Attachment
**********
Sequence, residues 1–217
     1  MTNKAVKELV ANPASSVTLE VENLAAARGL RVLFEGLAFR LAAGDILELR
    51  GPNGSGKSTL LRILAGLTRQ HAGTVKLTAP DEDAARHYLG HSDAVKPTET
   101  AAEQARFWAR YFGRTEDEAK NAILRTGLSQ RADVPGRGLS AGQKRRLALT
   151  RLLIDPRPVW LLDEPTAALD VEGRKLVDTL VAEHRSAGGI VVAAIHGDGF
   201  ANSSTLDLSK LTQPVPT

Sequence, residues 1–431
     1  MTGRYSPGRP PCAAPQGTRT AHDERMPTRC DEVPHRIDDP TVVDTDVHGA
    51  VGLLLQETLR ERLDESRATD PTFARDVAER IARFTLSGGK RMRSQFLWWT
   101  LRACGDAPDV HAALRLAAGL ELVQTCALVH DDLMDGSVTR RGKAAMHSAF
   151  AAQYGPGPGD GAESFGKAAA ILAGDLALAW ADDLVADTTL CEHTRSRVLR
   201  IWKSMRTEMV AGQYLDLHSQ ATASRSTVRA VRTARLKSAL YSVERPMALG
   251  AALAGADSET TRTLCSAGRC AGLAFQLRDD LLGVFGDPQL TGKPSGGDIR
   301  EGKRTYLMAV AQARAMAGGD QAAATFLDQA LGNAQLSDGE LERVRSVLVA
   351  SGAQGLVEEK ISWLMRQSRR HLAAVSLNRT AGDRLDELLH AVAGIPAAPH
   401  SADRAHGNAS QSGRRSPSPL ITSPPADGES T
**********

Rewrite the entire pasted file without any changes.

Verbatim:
Sequence, residues 1–217
     1  MTNKAVKELV ANPASSVTLE VENLAAARGL RVLFEGLAFR LAAGDILELR
    51  GPNGSGKSTL LRILAGLTRQ HAGTVKLTAP DEDAARHYLG HSDAVKPTET
   101  AAEQARFWAR YFGRTEDEAK NAILRTGLSQ RADVPGRGLS AGQKRRLALT
   151  RLLIDPRPVW LLDEPTAALD VEGRKLVDTL VAEHRSAGGI VVAAIHGDGF
   201  ANSSTLDLSK LTQPVPT

Sequence, residues 1–431
     1  MTGRYSPGRP PCAAPQGTRT AHDERMPTRC DEVPHRIDDP TVVDTDVHGA
    51  VGLLLQETLR ERLDESRATD PTFARDVAER IARFTLSGGK RMRSQFLWWT
   101  LRACGDAPDV HAALRLAAGL ELVQTCALVH DDLMDGSVTR RGKAAMHSAF
   151  AAQYGPGPGD GAESFGKAAA ILAGDLALAW ADDLVADTTL CEHTRSRVLR
   201  IWKSMRTEMV AGQYLDLHSQ ATASRSTVRA VRTARLKSAL YSVERPMALG
   251  AALAGADSET TRTLCSAGRC AGLAFQLRDD LLGVFGDPQL TGKPSGGDIR
   301  EGKRTYLMAV AQARAMAGGD QAAATFLDQA LGNAQLSDGE LERVRSVLVA
   351  SGAQGLVEEK ISWLMRQSRR HLAAVSLNRT AGDRLDELLH AVAGIPAAPH
   401  SADRAHGNAS QSGRRSPSPL ITSPPADGES T